New Zealand joins NASA's Artemis Accords

June 1 (UPI) -- New Zealand on Tuesday announced it has become the latest country to join a NASA agreement on the peaceful exploration of space.

Foreign Minister Nanaia Mahuta and Economic Development Minister Stuart Nash announced New Zealand signed the Artemis Accords on Monday in a statement, making it the 11th nation to join the accord and the second to do so under the Biden administration.


"New Zealand's participation in the Artemis Accords is an historic moment for our nation and our highly regarded local space industry," Nash said.

The Artemis Accords, which was established by the U.S. State Department last year, sets out principles for space exploration among participating nations. Under the Artemis program, NASA intends to send the first woman to the Moon by 2024 and then later send a human mission to Mars.

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The Oceania nation's space agency was set up in 2016 while its space sector is worth more than $1.2 billion, according to the New Zealand government, which said one aspect of the accord that it wants to further develop is space resource conservation.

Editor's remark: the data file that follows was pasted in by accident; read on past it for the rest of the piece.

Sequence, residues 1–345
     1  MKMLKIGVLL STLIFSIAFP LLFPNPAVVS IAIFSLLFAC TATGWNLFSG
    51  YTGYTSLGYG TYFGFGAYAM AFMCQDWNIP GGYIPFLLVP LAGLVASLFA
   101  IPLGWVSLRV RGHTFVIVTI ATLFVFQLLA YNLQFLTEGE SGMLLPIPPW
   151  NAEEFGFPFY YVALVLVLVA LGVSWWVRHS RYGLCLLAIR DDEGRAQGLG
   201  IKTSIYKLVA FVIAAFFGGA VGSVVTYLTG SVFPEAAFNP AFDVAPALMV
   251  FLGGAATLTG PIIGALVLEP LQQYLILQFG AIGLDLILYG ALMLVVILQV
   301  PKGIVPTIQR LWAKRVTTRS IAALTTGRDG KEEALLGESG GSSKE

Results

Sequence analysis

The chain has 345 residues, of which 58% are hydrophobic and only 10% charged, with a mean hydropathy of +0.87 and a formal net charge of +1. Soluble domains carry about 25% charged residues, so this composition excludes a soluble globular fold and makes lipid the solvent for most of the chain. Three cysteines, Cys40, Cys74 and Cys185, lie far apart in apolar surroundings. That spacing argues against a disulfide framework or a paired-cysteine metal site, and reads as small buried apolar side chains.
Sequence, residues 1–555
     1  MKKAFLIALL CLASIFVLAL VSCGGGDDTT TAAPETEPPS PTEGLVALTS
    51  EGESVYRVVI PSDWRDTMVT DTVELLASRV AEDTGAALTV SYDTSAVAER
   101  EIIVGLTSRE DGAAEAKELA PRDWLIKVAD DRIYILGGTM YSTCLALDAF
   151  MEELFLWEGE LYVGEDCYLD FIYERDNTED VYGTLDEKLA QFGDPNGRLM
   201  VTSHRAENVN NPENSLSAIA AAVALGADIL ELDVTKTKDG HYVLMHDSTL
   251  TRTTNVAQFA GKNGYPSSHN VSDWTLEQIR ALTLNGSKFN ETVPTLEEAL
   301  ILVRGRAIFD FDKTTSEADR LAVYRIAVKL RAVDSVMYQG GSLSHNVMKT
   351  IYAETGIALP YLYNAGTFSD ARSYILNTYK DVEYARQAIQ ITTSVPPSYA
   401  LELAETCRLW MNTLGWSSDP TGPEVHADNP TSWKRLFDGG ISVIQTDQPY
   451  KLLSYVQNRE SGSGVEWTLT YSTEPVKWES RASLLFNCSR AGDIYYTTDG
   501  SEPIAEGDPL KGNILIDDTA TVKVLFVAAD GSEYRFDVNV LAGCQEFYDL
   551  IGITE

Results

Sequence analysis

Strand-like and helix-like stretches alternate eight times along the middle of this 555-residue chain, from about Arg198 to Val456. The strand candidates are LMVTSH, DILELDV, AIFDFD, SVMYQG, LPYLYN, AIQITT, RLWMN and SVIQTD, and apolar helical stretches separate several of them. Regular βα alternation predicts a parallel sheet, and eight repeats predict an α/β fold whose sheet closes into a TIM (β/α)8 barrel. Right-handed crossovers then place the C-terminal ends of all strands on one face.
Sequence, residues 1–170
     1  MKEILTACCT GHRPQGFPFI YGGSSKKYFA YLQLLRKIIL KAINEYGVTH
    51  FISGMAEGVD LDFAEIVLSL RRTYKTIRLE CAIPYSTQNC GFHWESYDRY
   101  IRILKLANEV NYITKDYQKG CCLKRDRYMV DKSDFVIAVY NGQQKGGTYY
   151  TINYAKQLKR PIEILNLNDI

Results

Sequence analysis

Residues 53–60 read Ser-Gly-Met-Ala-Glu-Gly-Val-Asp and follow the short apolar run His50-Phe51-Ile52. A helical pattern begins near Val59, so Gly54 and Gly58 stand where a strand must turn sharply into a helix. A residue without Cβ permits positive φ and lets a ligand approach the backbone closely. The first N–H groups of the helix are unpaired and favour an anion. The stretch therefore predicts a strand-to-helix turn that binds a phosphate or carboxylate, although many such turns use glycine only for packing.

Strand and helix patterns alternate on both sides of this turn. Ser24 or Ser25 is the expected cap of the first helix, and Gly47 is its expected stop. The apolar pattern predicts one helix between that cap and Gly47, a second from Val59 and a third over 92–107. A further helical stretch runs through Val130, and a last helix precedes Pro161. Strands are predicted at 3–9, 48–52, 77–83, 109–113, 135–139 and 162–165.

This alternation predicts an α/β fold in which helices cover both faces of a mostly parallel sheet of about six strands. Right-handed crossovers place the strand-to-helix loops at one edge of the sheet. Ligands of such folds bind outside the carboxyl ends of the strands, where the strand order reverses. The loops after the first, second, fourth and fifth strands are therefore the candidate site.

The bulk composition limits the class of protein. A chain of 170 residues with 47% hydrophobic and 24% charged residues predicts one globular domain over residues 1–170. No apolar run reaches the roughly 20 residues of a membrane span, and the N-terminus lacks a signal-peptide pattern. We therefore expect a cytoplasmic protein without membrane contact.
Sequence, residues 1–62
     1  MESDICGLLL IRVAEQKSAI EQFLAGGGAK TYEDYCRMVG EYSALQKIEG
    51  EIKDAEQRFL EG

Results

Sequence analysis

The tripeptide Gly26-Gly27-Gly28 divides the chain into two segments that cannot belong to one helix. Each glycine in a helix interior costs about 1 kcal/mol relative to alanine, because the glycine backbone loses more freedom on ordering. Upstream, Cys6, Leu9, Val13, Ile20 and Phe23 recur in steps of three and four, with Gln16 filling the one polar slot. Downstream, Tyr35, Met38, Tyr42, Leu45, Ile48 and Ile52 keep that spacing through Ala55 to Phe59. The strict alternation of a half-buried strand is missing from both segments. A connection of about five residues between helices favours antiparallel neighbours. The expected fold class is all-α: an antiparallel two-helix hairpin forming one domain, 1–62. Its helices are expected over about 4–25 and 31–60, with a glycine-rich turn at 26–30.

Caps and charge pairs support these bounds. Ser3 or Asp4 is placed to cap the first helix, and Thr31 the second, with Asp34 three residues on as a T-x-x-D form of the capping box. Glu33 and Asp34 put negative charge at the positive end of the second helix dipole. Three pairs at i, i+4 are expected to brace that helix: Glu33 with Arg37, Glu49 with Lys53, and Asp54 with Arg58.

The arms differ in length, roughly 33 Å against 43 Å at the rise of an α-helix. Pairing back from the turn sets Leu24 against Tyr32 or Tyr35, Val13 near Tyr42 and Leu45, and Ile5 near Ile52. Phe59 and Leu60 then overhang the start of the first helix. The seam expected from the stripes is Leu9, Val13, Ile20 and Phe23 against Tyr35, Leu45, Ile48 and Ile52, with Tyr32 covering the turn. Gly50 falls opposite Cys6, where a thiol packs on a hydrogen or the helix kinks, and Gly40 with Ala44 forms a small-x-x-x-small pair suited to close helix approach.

Mahuta said New Zealand views the accords as we way to create needed rules and standards to ensure the conservation and long-term sustainability of these resources.


"The ability to use space resources such as minerals on the moon and other celestial bodies is critical to enable the next phase of space exploration, including the possibility of sending humans to Mars," she said. "New Zealand is committed to collaborating with all stakeholders across all space issues to ensure that the space environment will be available and accessible for the benefit of all, now and into the future."

NASA Administrator Bill Nelson credited the archipelago nation in a video statement with contributing to the accord's development.

"New Zealand, along with seven other nations, helped craft the principles espoused in the Artemis Accords," he said. "These simple, universal principles will enable the next generation of international partnerships for the exploration of the Moon and beyond."

New Zealand's signing on to the accord follow's South Korea joining it May 24.

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The other signatories are Australia, Britain, Canada, Italy, Japan, Luxembourg, Ukraine, the United Arab Emirates and the United States with more expected to sign on in the near future.

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